Bundling Interventions Bridges Gender Gap in AYA Cancer Fertility Discussions

Share this content:
For younger patients with cancer, fertility concerns can weigh heavily.
For younger patients with cancer, fertility concerns can weigh heavily.

Chemotherapy and radiotherapy may cause fertility loss, which may be particularly devastating for adolescents and young adults (AYAs). For some AYA patients with cancer the possibility of infertility may be more devastating than the cancer diagnosis itself.1 AYA patients may experience distress and regret if not given the opportunity to discuss the risk of treatment on fertility and possible fertility preservation options.2 Preserving fertility, means preserving the hope of a future. Having discussions about fertility preservation may be important to enhancing the later quality of life for young cancer survivors. Yet, AYA patients are less likely to receive information about fertility preservation. Female AYA patients, in particular are less likely than their male counterparts to receive information about fertility preservation.3

A recently published study found that bundled interventions may help to close the gender gap between male and female AYA patients receiving fertility information.4 The study looked at the effectiveness of bundled interventions across five Youth Cancer Service Centers in Queensland, Australia. Bundled interventions were introduced in the centers in 2015 and included 4 components: quality indicators, targeted education, patient resources, and referral processes.

Quality indicators were reported by providers in a web-based system and included information on if the patient was provided with both written and verbal fertility preservation options, if the patient was referred to a specialist, and if the patient ultimately underwent fertility preservation, and if so, which method.

Targeted information sessions for more than 80 healthcare professionals were held and included topics on fertility and genetics, communicating with AYAs, sexuality, intimacy, and relationships, and fertility preservation methods for males and females. The sessions included a 30-minute presentation in which healthcare professionals were provided with a fact sheet; resources including journal articles, websites, and a printout of the presentation; and a discussion of referral pathways.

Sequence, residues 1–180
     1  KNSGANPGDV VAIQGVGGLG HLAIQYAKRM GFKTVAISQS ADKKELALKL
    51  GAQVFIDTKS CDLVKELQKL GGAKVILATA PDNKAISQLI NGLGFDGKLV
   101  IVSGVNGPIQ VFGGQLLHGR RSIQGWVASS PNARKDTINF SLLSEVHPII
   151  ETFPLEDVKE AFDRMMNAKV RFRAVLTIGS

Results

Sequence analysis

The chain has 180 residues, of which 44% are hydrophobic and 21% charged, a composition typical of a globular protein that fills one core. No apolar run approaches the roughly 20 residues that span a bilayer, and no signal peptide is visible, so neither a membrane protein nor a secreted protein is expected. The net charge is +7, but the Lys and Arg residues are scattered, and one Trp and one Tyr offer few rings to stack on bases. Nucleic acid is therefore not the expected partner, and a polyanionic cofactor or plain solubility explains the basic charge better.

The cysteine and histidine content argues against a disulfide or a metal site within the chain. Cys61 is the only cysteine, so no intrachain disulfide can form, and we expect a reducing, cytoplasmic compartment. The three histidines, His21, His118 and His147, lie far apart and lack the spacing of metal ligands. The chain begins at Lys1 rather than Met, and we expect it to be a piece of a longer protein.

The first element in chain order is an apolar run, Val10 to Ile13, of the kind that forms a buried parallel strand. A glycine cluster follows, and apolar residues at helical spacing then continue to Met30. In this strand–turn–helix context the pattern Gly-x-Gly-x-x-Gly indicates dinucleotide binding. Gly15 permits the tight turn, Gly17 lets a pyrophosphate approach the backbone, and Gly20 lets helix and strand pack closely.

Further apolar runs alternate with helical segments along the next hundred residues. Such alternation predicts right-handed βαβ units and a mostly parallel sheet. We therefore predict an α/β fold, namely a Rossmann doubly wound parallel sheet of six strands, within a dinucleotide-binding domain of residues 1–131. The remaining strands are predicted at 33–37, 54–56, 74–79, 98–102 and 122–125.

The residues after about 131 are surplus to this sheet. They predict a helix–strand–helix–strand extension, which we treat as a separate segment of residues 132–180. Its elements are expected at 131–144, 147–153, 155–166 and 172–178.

A learning needs survey taken in 2013 by 107 healthcare professionals across all sites indicated that while clinicians were aware of resources provided by a variety of fertility and cancer groups not having a list of these resources readily available to give to the patient prevented some clinicians from having fertility discussions. Therefore, as part of the bundled intervention, resource packs with gender-specific information and brochures for fertility specialist groups were provided to patients by cancer care coordinators.  

Page 1 of 2
You must be a registered member of ONA to post a comment.

Sign Up for Free e-newsletters

Regimen and Drug Listings

GET FULL LISTINGS OF TREATMENT Regimens and Drug INFORMATION

Bone Cancer Regimens Drugs
Brain Cancer Regimens Drugs
Breast Cancer Regimens Drugs
Endocrine Cancer Regimens Drugs
Gastrointestinal Cancer Regimens Drugs
Genitourinary Cancer Regimens Drugs
Gynecologic Cancer Regimens Drugs
Head and Neck Cancer Regimens Drugs
Hematologic Cancer Regimens Drugs
Lung Cancer Regimens Drugs
Other Cancers Regimens
Rare Cancers Regimens
Skin Cancer Regimens Drugs